U Graduate Works Wonders With Water

Water is one of the most simple substances of all, yet through fountains and other installations, it can bring joy, according to Mark Fuller, chairman and CEO of WET Design. WET Design has completed 200 installations throughout the world, most notably The Fountains of Bellagio in Las Vegas. The fountain incorporates light and water streams to put on a show set to music.

Fuller’s lecture took place Wednesday afternoon in the Marriott Library’s Gould auditorium. Audience members lined the back of the room and sat on the floor in the front.

Fuller described his innovative designs include different ways of lighting and propelling water. Fuller began experimenting with a technique called laminar fluid flow when he was a student at the University of Utah working on his honors thesis.

This technique, which he experimented with in his mother’s backyard, uses a nozzle to filter out turbulence, resulting in a smooth, concentrated spray of water. These sprays can be directed in a parabola, or they can be manipulated to create the same effect as a snapping rope. Fuller can also arrange the water streams to crash into each other, which when illuminated properly will create a splash of light.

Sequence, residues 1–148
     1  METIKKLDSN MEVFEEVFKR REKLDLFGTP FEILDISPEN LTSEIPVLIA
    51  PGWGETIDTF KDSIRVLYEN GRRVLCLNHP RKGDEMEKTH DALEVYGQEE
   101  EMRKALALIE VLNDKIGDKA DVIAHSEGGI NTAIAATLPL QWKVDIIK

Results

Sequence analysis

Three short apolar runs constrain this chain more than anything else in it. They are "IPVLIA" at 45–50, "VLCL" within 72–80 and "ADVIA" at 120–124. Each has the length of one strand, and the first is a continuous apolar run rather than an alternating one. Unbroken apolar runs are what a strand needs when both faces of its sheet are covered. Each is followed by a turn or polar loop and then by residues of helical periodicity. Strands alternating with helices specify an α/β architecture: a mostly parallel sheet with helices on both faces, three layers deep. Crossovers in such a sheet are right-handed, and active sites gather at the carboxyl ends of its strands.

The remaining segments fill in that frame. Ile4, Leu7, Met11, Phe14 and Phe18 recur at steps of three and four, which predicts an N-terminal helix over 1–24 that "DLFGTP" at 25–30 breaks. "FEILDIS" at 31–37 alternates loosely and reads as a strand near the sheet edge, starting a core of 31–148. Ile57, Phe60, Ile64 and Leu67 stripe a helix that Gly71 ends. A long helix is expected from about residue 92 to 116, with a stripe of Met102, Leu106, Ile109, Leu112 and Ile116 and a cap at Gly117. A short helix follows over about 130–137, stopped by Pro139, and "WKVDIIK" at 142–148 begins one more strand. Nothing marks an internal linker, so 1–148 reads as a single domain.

Fuller uses light to illuminate the streams of water, reflective pools and cascades of water to achieve his desired effects. His projects also use random timing to spray water streams at an unsuspecting public.

Fuller showed numerous slides of his projects, and how he integrated these innovations into the fountains.

“Every time we finish a fountain, we think we’ve done everything we can with water,” Fuller said. He said that they always find new ideas though.

Fuller showed how energy output can be minimized through careful engineering. Fuller’s firm also tries to reduce the amount of water used in his projects. To reflect properly, a pool only needs to be one-eighth of an inch deep.

The fountain Fuller designed for the Bellagio is one of his company’s most well-known achievements. This fountain is the biggest ever built and includes many different lights and water streams in a large pool in front of the casino. Using different levels of pressure, lights and waving streams of water, the fountain dances to music. Fuller’s lecture included a film of the fountain performing to the song, “Singing in the Rain.”

Fuller designed the fountain at the Olympic legacy plaza that recently opened. He also is working on the design of the Olympic cauldron that will be unveiled during the Opening Ceremony in February. Although Fuller could not reveal details about the cauldron, he offered a hint as to what the cauldron may be like.

“I’m sworn to secrecy for what we’re doing for the Olympic cauldron,” he said. “As you can see, I’m kind of a water guy, so there may be a touch of that.”

Most of the audience enjoyed the lecture.

“I knew it was going to be good,” said Grady Hodge, an English student who attended the lecture. “There’s something so exciting about the simple pleasures of moving water.”

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